The PMI is focusing on technology at one of our major flagship events, the PensTech and Administration Summit on 7 November. Fintech is currently a buzz word within pensions but what does it all really mean and what can it do for members, trustees and scheme sponsors?


I was lucky to attend an FCA/ TPR hosted TechSprint where pension geeks and technology nerds got together alongside academics for a couple of days. We worked in teams of about ten to solve problems using technology. Within each team there was a variety of skill sets including machine learning and behavioural sciences. At the end of two days, each team presented its solutions.

Whilst rough and ready, it was truly amazing what could be achieved in a short space of time, and importantly, but often forgotten, that different areas of expertise are needed to create solutions. Technology can deliver efficiencies in administration and be used to engage and empower members. Complexity of legislation and scheme histories together with dodgy data and, in some instances, reservations by Trustee boards over whether using technology is appropriate for the members, has hampered our industry’s ability to make full use of its power. Some interactive websites for pension schemes are not cost effective but as economies of scale improve, these tools can be harnessed for the good of the members. Today, administration providers are making use of robotics to carry out administration tasks. One provider stated that it currently has robotics in place that do 20% of the transactional work it carries out. Another uses robotics and complex algorithms to carry out bulk transactions and segmentation of the membership for personalisation of messages from the scheme.

However, technology isn’t just about pimping up your administration platform or adding fancy modelling tools to your member website. It is part of a bigger picture of how we can combine the different technologies used to deliver pensions and work better together. How can we use the data we have accumulated over the years to greater effect? Technologies needed to deliver a holistic solution are starting to work together, for example, the Via Nova project allowed administration systems to send transactional information to and from investment administration systems. We have seen single and bulk DC transfers made easier through a trusted gateway and a number of administration platforms have integrated with asset and liability modelling systems for trustees to see funding levels. Although these initiatives are great, we need more, and we will see this when pensions dashboard comes along. Blockchain and its potential use needs to be considered but we must understand what it is and what it can do. If it does come into play in the world of pensions, we need to know what it can deliver, if it is cost effective and, given the complexity, if it would work for one or all parts of the industry. Hopefully the penultimate session for the PensTech and Administration Summit on Blockchain and AI will help enlighten us. So watch this space!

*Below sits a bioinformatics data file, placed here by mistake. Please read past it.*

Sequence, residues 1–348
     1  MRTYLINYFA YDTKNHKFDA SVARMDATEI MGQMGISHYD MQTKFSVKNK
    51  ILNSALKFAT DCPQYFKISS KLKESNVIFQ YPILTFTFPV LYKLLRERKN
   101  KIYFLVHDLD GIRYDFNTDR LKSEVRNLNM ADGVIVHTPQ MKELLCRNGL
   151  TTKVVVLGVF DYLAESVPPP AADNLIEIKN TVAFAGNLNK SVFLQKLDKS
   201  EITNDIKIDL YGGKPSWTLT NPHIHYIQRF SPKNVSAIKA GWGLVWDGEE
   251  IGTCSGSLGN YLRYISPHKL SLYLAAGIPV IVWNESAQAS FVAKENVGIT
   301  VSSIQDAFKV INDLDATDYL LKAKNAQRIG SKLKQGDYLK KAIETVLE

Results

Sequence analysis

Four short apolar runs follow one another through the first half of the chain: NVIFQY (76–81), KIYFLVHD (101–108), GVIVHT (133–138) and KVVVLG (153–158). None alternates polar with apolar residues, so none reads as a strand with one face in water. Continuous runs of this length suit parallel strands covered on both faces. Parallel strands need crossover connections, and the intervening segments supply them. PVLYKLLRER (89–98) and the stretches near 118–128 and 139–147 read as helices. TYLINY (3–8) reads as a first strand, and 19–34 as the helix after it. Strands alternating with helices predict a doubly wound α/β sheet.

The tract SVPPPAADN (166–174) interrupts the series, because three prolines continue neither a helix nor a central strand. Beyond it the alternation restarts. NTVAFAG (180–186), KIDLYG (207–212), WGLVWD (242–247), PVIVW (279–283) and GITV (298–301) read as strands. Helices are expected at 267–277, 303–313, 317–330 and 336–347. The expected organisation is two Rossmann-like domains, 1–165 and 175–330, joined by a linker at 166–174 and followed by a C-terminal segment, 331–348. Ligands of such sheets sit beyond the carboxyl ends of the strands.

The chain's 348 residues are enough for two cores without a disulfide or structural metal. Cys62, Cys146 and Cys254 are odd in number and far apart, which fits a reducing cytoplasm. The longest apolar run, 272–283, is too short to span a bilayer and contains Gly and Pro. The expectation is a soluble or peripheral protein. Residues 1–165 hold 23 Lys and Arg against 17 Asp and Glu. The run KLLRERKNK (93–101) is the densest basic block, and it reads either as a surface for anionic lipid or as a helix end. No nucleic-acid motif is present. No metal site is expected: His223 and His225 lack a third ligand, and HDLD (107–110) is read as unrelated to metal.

Lesley Carline – PMI President

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